State troopers and county deputies have begun what they described as an “aggressive” crackdown on speeding and other driving violations in the deadly stretch of Interstate 26 between Jedburg and Harleyville.
In a press conference Monday morning, state troopers said they would dedicate four troopers in unmarked cars to this area until speeds and accidents decline.
Troopers on motorcycles and deputies from the Dorchester and Berkeley county sheriffs offices will assist this new team, said Capt. Chris Williamson, head of the state Highway Patrol in the Charleston region.
“We’re not out here to pick on people,” he said. “It’s not a ticket-writing mission. But we are going to be aggressive.”
The special I-26 effort is part of a larger effort to reduce deaths and collisions between Jedburg and I-95.
Transportation Department engineers also are studying whether to install new lights, reflective “high-crash corridor” signs and “rumble strips” – rough patches of pavement designed to wake up dozing drivers on certain stretches,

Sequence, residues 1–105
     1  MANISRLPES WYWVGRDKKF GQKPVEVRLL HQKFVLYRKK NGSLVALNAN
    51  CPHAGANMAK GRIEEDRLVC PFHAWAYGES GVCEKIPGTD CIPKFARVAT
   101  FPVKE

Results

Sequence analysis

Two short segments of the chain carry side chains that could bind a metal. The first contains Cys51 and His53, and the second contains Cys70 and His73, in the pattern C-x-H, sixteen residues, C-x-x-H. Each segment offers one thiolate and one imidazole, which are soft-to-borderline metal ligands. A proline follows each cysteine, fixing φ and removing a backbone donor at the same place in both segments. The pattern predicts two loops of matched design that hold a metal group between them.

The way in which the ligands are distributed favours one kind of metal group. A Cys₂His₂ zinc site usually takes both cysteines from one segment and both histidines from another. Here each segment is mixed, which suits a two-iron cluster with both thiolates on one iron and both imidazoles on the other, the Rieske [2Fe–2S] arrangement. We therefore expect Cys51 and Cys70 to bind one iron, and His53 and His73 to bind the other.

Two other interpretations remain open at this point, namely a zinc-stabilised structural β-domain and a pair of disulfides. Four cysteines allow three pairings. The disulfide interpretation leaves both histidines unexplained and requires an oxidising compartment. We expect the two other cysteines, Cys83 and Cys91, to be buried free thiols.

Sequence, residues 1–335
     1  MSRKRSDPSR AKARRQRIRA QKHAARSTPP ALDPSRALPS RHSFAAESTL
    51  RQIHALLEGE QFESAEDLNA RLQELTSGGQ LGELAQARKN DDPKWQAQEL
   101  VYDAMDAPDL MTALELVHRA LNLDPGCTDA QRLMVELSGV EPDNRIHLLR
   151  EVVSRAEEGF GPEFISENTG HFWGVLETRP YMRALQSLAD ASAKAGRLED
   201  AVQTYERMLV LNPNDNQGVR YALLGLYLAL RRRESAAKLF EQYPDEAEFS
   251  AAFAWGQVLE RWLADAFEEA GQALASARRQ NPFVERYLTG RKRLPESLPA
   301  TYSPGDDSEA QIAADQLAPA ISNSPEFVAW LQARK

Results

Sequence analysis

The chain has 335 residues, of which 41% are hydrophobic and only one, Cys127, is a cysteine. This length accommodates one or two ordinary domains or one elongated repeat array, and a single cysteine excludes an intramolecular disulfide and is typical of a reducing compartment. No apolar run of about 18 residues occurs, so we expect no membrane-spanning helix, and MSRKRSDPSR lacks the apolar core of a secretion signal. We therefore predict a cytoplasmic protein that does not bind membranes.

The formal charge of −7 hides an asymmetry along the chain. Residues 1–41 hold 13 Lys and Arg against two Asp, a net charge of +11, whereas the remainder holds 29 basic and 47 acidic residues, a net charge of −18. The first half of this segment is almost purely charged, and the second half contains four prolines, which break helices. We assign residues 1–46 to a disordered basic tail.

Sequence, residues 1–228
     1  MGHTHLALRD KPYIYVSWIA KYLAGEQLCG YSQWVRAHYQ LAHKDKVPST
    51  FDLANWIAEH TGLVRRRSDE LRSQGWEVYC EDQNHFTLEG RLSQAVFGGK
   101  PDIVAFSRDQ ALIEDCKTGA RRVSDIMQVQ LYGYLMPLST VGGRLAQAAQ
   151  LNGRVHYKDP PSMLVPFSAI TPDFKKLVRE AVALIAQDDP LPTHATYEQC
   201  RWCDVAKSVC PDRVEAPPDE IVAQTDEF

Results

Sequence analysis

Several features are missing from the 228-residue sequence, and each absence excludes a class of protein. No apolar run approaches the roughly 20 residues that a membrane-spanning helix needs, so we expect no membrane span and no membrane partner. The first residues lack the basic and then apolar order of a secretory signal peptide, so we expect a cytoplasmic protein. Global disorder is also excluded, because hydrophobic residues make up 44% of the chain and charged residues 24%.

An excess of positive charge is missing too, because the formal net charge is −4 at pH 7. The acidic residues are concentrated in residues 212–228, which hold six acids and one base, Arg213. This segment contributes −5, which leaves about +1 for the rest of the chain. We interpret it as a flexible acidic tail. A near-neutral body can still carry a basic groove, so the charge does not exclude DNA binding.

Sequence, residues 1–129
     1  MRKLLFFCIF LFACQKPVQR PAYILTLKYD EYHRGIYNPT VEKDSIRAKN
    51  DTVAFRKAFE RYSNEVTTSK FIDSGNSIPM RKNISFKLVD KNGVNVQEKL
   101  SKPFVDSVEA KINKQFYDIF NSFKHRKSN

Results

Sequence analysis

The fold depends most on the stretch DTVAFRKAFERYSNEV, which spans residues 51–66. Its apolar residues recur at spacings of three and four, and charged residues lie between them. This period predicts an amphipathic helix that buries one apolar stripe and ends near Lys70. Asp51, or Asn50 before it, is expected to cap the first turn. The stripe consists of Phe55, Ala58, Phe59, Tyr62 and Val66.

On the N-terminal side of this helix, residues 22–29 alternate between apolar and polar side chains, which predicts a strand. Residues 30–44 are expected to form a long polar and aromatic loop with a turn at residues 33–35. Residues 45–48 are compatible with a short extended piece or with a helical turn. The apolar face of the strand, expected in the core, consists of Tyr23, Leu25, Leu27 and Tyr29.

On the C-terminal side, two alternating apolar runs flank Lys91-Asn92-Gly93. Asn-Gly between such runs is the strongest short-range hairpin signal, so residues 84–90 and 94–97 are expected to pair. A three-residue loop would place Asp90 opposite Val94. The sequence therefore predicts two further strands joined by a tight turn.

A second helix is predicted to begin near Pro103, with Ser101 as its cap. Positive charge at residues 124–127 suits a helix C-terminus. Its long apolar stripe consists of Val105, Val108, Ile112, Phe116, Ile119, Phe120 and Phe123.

“Our overall goal is to save people’s lives,” Williamson said.
The crackdown comes in the wake of a Post and Courier Watchdog analysis earlier this year that identified “death zones” around Ridgeville and Harleyville that had fatality rates three times higher than other stretches of I-26.
During the press conference Monday, state troopers presented new data showing that 25 people died between 2007 and the end of 2009 between mile markers 194 in Jedburg and 172 near Harleyville. All 25 involved wrecks in which a single car ran off the road, often because a driver was speeding, over-corrected, wasn’t paying attention or fell asleep at the wheel.
“In our minds, we feel that most of these collisions can be prevented,” Williamson said.
He said his command grew concerned about the rising number of collisions on this stretch. The new enforcement team will focus on times when more accidents tend to happen – Thursday through the weekend – and will operate until there are measurable declines in the numbers of accidents and average speeds.